• While inclusionary zoning policies are in place in a number of cities in North America, the City of Toronto is taking an unprecedented approach that does not provide offsets or density bonuses to compensate for the cost of building the affordable units. It rushes to mandatory implementation and does not provide a cash-in-lieu option.
  • The City already collects money for affordable housing from a new development through Development Charges and soon under the new Community Benefit Charge. The current proposal does not compensate $6,000 (combined) per unit and adds an incremental $65,000 in capital cost per new purchase unit and $116,000 per rental unit over its lifetime.
  • Because of market distortions introduced by the City’s proposal, many projects will become financially non-viable. This will limit the supply and choice of homes available for new homebuyers, again impacting availability and affordability.

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Wilkes says given that government fees, taxes, and charges already account for almost a quarter of owning a new home in the Greater Toronto Area (GTA). Because of this, he says it's time that municipalities realize that adding more costs into building housing is one of the root causes of the region's current housing crisis.

"Like any other industry, adding government taxes and fees into the cost of manufacturing a product, in this case, housing, drives up the cost of the finished product. It is the responsibility of the industry to build complete communities, it is the responsibility of municipal government to provide the conditions and the policies to enable this to happen,” said Wilkes.

Wilkes explained that while BILD supports Inclusionary Zoning, the company backs it when it's done in a manner that's not reflected in the City of Toronto's approach but rather in a partnership model with municipalities that shares the risks and costs of building the below-market units.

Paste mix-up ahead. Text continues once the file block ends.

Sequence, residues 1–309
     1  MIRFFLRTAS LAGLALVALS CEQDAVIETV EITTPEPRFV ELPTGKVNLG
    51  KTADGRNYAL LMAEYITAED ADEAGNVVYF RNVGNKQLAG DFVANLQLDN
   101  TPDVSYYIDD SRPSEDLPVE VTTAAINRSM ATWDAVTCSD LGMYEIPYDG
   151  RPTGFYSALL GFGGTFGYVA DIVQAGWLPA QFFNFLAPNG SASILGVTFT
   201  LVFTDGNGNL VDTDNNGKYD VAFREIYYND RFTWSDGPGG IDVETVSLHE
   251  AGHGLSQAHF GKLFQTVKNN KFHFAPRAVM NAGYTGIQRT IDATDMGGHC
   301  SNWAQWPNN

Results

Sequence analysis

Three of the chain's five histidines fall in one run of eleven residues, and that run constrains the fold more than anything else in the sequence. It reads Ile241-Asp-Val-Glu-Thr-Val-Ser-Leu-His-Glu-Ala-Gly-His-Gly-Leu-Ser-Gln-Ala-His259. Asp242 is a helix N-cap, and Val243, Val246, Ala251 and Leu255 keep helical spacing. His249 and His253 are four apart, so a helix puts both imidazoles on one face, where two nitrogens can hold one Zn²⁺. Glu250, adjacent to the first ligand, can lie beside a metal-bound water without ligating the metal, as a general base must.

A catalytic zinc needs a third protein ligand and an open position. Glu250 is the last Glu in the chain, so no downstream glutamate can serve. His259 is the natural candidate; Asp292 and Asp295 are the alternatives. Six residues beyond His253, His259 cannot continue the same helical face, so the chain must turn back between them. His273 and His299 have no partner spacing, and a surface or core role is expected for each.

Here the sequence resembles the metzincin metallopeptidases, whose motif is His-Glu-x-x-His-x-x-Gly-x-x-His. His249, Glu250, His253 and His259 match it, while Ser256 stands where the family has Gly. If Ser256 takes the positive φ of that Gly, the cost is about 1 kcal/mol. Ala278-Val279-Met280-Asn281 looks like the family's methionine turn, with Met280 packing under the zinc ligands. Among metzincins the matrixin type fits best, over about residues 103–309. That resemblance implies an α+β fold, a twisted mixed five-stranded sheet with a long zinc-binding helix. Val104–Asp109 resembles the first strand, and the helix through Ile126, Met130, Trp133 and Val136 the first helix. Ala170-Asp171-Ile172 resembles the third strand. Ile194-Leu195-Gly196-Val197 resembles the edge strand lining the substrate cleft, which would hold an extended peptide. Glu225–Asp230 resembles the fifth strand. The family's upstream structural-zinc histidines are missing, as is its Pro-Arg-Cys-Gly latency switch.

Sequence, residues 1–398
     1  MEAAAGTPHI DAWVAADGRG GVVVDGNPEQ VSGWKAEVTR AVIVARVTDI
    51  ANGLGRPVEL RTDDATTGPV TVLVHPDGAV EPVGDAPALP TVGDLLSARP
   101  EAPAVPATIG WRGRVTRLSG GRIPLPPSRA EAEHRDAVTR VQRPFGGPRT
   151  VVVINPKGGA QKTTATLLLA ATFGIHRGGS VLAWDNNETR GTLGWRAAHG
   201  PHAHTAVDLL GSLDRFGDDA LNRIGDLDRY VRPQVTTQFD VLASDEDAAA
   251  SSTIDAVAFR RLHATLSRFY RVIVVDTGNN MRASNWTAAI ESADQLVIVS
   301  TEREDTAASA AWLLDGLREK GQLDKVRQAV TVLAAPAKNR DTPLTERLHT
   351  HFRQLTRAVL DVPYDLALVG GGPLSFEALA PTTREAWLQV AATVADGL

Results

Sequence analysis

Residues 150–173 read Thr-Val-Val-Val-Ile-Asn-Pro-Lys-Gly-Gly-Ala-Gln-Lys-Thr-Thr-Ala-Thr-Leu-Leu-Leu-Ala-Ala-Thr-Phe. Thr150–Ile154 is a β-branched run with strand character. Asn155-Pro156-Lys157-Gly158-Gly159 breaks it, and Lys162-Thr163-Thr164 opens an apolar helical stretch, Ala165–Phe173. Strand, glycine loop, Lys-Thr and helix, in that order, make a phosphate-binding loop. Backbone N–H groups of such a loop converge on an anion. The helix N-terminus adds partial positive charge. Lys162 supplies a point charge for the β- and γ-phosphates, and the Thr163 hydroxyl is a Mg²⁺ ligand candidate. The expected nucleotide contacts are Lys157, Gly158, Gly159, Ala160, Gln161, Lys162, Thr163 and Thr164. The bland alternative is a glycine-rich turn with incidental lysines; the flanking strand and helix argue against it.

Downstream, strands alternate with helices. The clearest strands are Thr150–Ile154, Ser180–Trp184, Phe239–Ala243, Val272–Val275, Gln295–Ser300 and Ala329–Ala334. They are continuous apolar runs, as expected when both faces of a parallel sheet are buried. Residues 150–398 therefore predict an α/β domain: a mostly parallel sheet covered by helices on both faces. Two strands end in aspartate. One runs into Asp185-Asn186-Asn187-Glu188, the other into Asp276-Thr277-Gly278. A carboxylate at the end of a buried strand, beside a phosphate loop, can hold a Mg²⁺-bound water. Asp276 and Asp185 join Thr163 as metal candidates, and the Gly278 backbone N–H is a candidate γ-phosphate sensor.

"This is in keeping with the basic premise of IZ, namely that it is a partnership between developers, builders, and municipalities to encourage the building of affordable housing units that would not otherwise be built," reads the report.

When done right, as evidence by examples from municipalities in Canada and the US that are highlighted in the report -- including Montreal, Vancouver, New York City, Portland, Boston, San Francisco, Chicago, Seattle, Los Angeles, and Washington -- Inclusionary Zoning policies are an effective tool to facilitate the building of affordable units.

“Toronto’s proposed approach is in some ways consistent with the best practices found in these other jurisdictions and in other ways it falls short, or it simply leaves too many unanswered questions to understand the implications of the design of the policy. It is clear that the proposal is still very much a work in progress,” reads the report.

While the City's plan is a step in the right direction to tackling Toronto's housing affordability crisis, it is clear that BILD believes there is much more work to be done for Toronto’s proposal to be successful for everyone involved.

"But with the right parameters in place, we can collectively deliver more affordable housing for the City of Toronto," said BILD.

With files from Riz Dhanji.

Affordable Housing